The Tree

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Somebody Get a Chainsaw, Fast

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Starring: Charlotte Gainsbourg, Morgana Davies

Review written by Robert Patrick

“The Tree” is offensive. Not even Green Peace people would care if this wooden stake was unearthed from the ground. This movie is a malady, deserving of every acrid spitball fired at its indulgent limbs. It’s hard to sheath my anger when speaking of “The Tree.” Dumb comedies can be lacquered with a jelly glaze of wonted mischief and stupidity that, even if it doesn’t agree with your sense of humor, you can understand how other people can get a good belly-goof out of it. If a comedy is bad, it doesn’t offend me. If a drama is bad, typically, it doesn’t offend me. If your movie is a sexist hunk of sizzling fat that has been dolled up as a introspective and lyrical piece of moviemaking – well, I’m not raking my tolerance over those coals. Director Julie Bertuccelli – a woman – has constructed a movie that acts like a falling chandelier upon the collective heads of women everywhere. Her movie, based upon a book called “Our Father Who Art in the Tree,” revolves, quite insipidly, around Dawn, a woman who moves to the desolate landscape of the outback, children in tow, only to find that, shortly after the family’s move, her husband dies of a heart attack. Charlotte Gainsbourg, who plays the grieving woman, is the perfect candidate to play the emotionally bleak protaganist (the lines of her face echo the rural sensibilities of her new foreboding, chalky home).

After her husband dies, the children of the household, specifically Simone (Morgana Davies), have a difficult time coping with their new life. Simone takes refuge under the whispering leafs of a giant fig tree – planted sometime in the late 1800s, we’re told – that resides outside of her home. The tree (there’s the title of the movie again, because, if you hadn’t noticed by now, it’s important to the characters) ends up being an emotional figurehead for Simone; she begins to think, by assigning emotions to the monolithic stick in the ground, that it is her late father. Even Dawn begins to believe, for awhile anyway, that the fig tree is of some cosmic, spectral importance. Meanwhile, Dawn, because she is a woman, the movie seems to tell us, cannot fix a broken toilet or handle the idea of a flying bat – until a man comes along, that is, and fixes everything. She meets a plumber, scruffy and resourceful, who mends her, almost immediately, and tells her that everything will be alright. Testosterone and a toolbox is the Swiss army knife for life’s problems, I guess. When Dawn begins to find comfort in herself, the  tree, vengeful, we’re to believe, molts a limb and lets its branch, literally, come crashing down into Dawn’s bed, making the statement that, as a woman, she cant be liberated, sexually or otherwise, unless an outside entity allows her to be – and this tree does not want anyone in her Posturepedic.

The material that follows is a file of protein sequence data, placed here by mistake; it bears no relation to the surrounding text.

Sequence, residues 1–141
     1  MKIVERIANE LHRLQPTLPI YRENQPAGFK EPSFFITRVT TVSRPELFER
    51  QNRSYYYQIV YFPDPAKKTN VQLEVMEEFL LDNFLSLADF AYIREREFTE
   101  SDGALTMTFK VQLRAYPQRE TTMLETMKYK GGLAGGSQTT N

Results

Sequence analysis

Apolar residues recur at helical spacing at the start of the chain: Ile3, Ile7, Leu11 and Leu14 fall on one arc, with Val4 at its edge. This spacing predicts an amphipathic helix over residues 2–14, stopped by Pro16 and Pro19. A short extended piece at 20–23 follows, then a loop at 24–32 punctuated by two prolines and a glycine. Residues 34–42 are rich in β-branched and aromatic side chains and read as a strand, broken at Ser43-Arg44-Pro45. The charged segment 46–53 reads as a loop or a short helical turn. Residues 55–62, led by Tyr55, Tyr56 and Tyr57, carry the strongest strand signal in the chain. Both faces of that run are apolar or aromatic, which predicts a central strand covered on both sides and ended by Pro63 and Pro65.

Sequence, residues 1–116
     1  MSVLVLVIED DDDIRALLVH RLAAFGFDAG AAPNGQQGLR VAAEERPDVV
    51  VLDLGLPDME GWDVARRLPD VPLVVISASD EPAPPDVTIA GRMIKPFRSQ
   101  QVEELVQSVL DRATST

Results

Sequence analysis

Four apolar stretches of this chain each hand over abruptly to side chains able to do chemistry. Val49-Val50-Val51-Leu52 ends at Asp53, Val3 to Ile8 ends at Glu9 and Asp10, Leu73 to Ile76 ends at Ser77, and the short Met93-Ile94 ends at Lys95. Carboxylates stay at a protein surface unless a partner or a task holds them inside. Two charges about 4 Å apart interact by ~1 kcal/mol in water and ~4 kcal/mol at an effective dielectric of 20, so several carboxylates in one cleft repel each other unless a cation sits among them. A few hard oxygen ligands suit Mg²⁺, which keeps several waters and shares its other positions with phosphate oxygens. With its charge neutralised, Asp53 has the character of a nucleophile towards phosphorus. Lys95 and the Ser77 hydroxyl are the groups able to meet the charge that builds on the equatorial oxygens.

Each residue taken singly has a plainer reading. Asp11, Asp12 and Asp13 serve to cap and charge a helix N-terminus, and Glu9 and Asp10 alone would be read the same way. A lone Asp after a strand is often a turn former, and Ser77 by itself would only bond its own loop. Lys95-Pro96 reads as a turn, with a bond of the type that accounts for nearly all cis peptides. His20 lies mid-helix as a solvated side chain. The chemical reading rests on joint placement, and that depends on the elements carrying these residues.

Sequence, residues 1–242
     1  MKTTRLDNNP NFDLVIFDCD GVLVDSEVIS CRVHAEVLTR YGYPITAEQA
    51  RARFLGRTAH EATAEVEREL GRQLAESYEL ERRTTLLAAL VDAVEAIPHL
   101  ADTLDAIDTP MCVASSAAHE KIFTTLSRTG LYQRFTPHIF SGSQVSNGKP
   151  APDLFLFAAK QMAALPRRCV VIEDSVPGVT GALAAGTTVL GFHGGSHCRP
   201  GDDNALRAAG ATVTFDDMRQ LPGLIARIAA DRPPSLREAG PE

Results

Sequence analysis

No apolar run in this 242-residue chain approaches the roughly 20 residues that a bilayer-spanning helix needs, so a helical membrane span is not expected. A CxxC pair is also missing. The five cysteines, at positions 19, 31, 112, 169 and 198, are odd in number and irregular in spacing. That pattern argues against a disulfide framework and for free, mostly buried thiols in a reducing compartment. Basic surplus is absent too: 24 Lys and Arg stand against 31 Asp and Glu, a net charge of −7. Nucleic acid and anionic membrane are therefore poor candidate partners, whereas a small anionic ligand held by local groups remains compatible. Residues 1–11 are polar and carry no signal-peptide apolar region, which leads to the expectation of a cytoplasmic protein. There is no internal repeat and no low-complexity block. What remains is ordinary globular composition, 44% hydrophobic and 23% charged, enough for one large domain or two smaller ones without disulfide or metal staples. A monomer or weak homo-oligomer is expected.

Later in the film – and I cant possibly spoil the movie as it was already curdled in pre-production – the tree, because of a tornado, is ripped from its roots and flung at Dawn’s home. Because of this, she can find closure in her husband’s death and moves away. Couldn’t she have cut the tree down? Or moved away before the metaphorical trunk blasted through her doors? Of course not; Dawn cannot find the strength to move past her husband’s death by herself. She needs a greater force, outside of her control, to do it for her. I can find all sorts of problems, outside of the ones that I have mentioned, that would torpedo the film (horrendous pacing, inane dialogue, horrendous pacing) but the ones I highlighted are most atrocious. If this movie is about nature, it’s only about the nature of people not being able to find anything, other than weeping and needing assistance, for a woman to do in a film. This film merits not a word more.

1 out of 5

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Author: Rob Patrick

A member of the San Diego Film Critics Society, Rob created Cinema Spartan after he stepped down as the editor of a weekly. He has written for The East County Californian, The Alpine Sun, The East County Herald, The San Diego Entertainer, and the San Diego Reader. He has also introduced films with the Pacific Arts Movement. He co-owns two dire wolves, Buckley and Ruffin. At any given time, he can tell you superfluous hockey statistics. He is the chancellor of Tapatio, an advocate of iced tea, and an owner of at least 70 pairs of Vans.

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